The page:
Over the past month or so, our home phone has fairly leapt off the hook. Our answering machine flashes a number in the high double-digits, indicating that we have scores of messages awaiting our ears.
The reason for our sudden tele-popularity is that it's election time in New York city and everyone and their cousin seems to be clamoring for our vote--clamoring in the form of pleading robo-calls.
On another note, once again the United States seems to be marching on its way to yet another war. Everyone understands that we're supposed to bomb Syria's Assad because he used chemical weapons but no one quite understands why it matters to us. And where the billions our incursions will cost is coming from. After all, we have no money for schools, for roads, for food for the poor, for unemployment relief, to battle climate change.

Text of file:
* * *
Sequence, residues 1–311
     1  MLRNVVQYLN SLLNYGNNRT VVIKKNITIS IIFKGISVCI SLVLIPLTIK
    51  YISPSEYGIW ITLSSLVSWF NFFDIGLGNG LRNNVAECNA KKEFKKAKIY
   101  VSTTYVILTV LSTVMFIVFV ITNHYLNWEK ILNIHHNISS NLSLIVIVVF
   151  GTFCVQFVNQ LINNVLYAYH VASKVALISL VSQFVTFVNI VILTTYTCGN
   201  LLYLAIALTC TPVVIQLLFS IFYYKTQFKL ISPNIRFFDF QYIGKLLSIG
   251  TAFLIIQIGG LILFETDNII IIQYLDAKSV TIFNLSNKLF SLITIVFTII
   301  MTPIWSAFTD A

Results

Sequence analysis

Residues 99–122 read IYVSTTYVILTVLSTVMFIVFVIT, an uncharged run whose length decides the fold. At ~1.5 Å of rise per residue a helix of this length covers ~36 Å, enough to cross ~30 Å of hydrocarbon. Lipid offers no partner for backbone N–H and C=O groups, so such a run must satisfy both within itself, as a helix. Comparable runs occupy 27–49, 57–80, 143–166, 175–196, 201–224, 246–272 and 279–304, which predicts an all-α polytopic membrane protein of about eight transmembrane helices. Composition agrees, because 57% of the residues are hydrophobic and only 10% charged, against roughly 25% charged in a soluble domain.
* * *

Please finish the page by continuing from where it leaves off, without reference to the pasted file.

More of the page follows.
The point of today's post isn't politics.
The point is this: in an era where every pundit says the words "story-telling" approximately every 30 seconds, no one in either case cited above has articulated a compelling story as to why I should support their position.
Allegedly silver-tongued Barack Obama has failed to paint a picture of a world where chemical weapons are used with impunity. He's failed to own up to his own failure (how did Syria amass these weapons in the first place.) And he's failed to say why the red-line he drew was drawn.
In New York's mayoral race, not a single candidate has given me a single reason why.
I happen to think that talking about story-telling is thriving but story-telling is actually dead.